This magnificent UNESCO-protected Gothic cathedral, with its carved portals and three-tiered flying buttresses, would be a stunning sight even without its legendary stained-glass windows—though the world would be a drearier place. For these ancient glass panels are truly glorious: a kaleidoscope of colors so deep, so rich, and so bright, it’s hard to believe they are some 700 years old. Meant as teaching devices more than artwork, the windows functioned as a sort of enormous cartoon, telling the story of Christ through pictures to a mostly illiterate populace. From its beginnings, pilgrims came from far and near to see a piece of cloth that believers say was worn by the Virgin Mary during Christ’s birth. The relic is still here, but these days it’s primarily a different sort of pilgrim that is drawn to Chartres: More than 1.5 million tourists come here every year to admire the magnificent edifice.

A Romanesque church stood on this spot until 1194, when a fire burnt it virtually to the ground. All that remained were the towers, the Royal Portal, and a few remnants of stained glass. The locals were so horrified that they sprung to action; in a matter of only 3 decades a new cathedral was erected, which accounts for its remarkably unified Gothic architecture. This was one of the first churches to use buttresses as a building support, allowing the architect (whose name has been lost) to build its walls at twice the height of the standard Romanesque cathedrals and make space for its famous windows. The new cathedral was dedicated in 1260 and has miraculously survived the centuries with relatively little damage. The French Revolution somehow spared the cathedral. During World War I and World War II, the precious windows were carefully dismounted piece by piece and stored in a safe place in the countryside.

Before you enter the church, take in the facade, a remarkable assemblage of religious art and architecture. The base of the two towers dates from the early 12th century (before the fire). The tower to your right (the Old Tower, or South Tower) is topped by its original sober Romanesque spire; that on your left (New Tower, or North Tower) was blessed with an elaborate Gothic spire by Jehan de Beauce in the early 1500s, when the original burned down. Below is the Royal Portal, a masterpiece of Romanesque art. Swarming with kings, queens, prophets, and priests, this sculpted entryway tells the story of the life of Christ. The rigid bodies of the figures contrast with their lifelike faces; it is said that Rodin spent hours here contemplating this stonework spectacle. You can climb to the top of the New Tower to take in the view on a guided visit only; just remember to wear rubber-soled shoes—the 300 steps are a little slippery after all these centuries.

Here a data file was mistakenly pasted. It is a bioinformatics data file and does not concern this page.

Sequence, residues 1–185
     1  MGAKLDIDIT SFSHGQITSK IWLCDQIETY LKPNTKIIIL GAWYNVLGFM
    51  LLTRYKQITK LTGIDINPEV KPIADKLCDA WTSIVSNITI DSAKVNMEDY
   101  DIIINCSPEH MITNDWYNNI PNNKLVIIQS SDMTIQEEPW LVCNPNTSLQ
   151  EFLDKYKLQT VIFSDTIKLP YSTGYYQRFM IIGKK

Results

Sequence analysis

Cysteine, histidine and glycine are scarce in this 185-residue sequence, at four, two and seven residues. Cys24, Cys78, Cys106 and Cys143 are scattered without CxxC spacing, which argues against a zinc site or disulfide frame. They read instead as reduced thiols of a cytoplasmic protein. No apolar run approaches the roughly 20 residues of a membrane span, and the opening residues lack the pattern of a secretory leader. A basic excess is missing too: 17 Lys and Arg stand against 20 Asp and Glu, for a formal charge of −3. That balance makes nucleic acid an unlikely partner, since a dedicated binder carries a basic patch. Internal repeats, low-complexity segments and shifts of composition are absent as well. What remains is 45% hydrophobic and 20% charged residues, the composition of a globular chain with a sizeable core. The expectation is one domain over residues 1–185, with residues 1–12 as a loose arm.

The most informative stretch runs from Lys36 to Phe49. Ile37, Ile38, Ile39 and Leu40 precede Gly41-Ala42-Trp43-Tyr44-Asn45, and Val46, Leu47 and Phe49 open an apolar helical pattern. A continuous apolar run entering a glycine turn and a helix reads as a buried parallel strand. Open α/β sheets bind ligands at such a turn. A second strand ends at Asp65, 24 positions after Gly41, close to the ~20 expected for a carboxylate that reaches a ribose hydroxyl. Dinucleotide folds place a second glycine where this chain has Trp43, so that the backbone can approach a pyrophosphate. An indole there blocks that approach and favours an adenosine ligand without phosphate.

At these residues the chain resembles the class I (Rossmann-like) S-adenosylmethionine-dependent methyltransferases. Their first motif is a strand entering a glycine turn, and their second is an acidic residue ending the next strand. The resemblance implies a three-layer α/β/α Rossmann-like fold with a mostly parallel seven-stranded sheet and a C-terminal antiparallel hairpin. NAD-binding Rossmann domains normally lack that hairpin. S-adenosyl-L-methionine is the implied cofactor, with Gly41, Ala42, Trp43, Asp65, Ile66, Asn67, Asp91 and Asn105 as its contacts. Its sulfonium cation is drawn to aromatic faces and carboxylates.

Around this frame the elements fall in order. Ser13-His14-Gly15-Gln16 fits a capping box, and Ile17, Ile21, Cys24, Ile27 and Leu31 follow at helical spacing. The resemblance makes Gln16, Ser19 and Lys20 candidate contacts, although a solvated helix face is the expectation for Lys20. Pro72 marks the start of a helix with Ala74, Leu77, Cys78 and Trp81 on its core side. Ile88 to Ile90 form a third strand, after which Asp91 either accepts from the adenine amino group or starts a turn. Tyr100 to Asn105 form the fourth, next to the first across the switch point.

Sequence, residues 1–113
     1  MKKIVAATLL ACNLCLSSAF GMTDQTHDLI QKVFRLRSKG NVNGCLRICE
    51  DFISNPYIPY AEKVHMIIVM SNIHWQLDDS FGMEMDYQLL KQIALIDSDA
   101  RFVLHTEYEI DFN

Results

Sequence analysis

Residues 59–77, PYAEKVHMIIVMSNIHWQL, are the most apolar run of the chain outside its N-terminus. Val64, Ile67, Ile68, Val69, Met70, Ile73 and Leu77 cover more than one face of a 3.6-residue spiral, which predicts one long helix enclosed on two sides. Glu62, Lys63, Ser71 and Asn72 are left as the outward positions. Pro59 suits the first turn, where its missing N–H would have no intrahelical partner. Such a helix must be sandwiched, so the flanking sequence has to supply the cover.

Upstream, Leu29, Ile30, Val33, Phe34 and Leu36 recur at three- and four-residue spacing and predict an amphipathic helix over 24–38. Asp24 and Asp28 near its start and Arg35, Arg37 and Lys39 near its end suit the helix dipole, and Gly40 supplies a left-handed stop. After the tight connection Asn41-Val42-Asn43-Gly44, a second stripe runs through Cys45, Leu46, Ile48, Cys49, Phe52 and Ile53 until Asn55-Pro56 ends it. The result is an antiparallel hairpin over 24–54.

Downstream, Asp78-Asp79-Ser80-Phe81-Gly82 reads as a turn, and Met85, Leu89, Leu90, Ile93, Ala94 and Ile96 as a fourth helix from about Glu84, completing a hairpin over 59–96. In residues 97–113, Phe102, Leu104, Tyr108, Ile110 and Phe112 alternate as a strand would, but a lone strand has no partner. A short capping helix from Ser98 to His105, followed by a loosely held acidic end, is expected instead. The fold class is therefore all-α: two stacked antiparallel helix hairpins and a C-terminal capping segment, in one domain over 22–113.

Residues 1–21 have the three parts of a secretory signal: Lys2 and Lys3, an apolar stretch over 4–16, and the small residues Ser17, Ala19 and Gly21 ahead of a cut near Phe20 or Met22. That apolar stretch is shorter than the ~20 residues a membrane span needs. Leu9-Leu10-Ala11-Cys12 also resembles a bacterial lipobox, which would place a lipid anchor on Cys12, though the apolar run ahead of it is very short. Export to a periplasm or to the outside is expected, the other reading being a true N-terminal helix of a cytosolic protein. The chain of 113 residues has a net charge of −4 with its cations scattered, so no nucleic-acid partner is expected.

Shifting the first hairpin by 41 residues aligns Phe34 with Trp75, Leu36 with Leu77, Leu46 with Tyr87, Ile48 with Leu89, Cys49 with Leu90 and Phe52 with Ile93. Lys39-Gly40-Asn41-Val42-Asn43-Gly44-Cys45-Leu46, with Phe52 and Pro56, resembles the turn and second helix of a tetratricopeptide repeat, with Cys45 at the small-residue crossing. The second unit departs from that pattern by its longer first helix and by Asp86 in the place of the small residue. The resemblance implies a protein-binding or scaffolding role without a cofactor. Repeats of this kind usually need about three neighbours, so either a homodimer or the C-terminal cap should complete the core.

Once inside the cathedral, you’ll really understand what all the fuss is about. The dimness is pierced by the radiant colors of the stained-glass windows, which shine down from all sides. Three windows on the west side of the building, as well as the beautiful rose window to the south called Notre Dame de la Belle Verièrre, date from the earlier 12th-century structure; the rest, with the exception of a few modern panels, are of 13th-century origins. The scenes depicted in glass read from bottom to top and recount stories from the Bible as well as the lives of the saints. You will soon find yourself wondering how in the world medieval artists, with such low-tech materials, managed to create such vivid colors. The blues, in particular, seem to be divinely inspired. In fact, scientists have finally pierced at least part of the mystery: The blue was made with sodium and silica compounds that made the color stand up to the centuries better than glass made with other colors.

Another indoor marvel is the chancel enclosure, which separates the chancel (the area behind the altar) from the ambulatory (the walkway that runs around the outer chapels). Started in 1514 by Jehan de Beauce, this intricately sculpted wall depicts dozens of saints and other religious superstars in yet another recounting of the lives of the Virgin and Christ. Back in the ambulatory is the Chapel of the Martyrs, where the cathedral’s cherished relic resides: a piece of cloth that the Virgin Mary supposedly wore at the birth of Christ, which was a gift of Charles the Bald in 876.

Chartres also harbors a rare labyrinth, which is traced on the floor of the cathedral near the nave. A large circle, divided into four parts, is entirely filled by a winding path that leads to the center. In the Middle Ages, these labyrinths represented the symbolic path that one must follow to get from earth to God; pilgrims would follow the path while praying, as if they were making a pilgrimage to Jerusalem. Note: The cathedral asks that visitors not talk or wander around during mass, which is generally held in the late morning and early evening. You are welcome to sit in on services, of course.

Tours, Guided & Otherwise

For more than 3 decades, Malcolm Miller has been studying the cathedral and giving guided tours in English. His rare blend of scholarship, enthusiasm, and humor will help you understand and appreciate what you are looking at. From Easter through October, his 75-minute tour begins at noon Monday through Saturday (10€). From May through September, his colleague, Anne Marie Woods, leads a second tour at 2:45pm. No need to reserve; a sign at the meeting point inside at the entrance to the cathedral’s gift shop indicates that day’s tour schedule. You can also rent an audioguide (in English) for 6.20€.